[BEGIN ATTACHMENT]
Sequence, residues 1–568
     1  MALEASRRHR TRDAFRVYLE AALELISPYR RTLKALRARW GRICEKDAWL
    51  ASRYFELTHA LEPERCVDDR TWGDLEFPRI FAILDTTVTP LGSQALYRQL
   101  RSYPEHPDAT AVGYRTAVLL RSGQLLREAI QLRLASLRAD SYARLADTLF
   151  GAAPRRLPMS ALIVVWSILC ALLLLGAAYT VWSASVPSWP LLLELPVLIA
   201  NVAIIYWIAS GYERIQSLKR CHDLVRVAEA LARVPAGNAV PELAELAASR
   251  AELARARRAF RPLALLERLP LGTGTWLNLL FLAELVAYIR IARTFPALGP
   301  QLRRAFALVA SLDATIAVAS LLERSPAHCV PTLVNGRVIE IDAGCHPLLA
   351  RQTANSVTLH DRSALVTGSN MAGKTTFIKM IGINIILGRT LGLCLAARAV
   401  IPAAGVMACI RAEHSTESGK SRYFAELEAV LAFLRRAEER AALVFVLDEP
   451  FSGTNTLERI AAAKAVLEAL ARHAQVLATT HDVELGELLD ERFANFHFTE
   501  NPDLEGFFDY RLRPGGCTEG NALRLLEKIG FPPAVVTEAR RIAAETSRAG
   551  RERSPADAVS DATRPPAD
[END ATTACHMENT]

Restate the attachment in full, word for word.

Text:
Sequence, residues 1–568
     1  MALEASRRHR TRDAFRVYLE AALELISPYR RTLKALRARW GRICEKDAWL
    51  ASRYFELTHA LEPERCVDDR TWGDLEFPRI FAILDTTVTP LGSQALYRQL
   101  RSYPEHPDAT AVGYRTAVLL RSGQLLREAI QLRLASLRAD SYARLADTLF
   151  GAAPRRLPMS ALIVVWSILC ALLLLGAAYT VWSASVPSWP LLLELPVLIA
   201  NVAIIYWIAS GYERIQSLKR CHDLVRVAEA LARVPAGNAV PELAELAASR
   251  AELARARRAF RPLALLERLP LGTGTWLNLL FLAELVAYIR IARTFPALGP
   301  QLRRAFALVA SLDATIAVAS LLERSPAHCV PTLVNGRVIE IDAGCHPLLA
   351  RQTANSVTLH DRSALVTGSN MAGKTTFIKM IGINIILGRT LGLCLAARAV
   401  IPAAGVMACI RAEHSTESGK SRYFAELEAV LAFLRRAEER AALVFVLDEP
   451  FSGTNTLERI AAAKAVLEAL ARHAQVLATT HDVELGELLD ERFANFHFTE
   501  NPDLEGFFDY RLRPGGCTEG NALRLLEKIG FPPAVVTEAR RIAAETSRAG
   551  RERSPADAVS DATRPPAD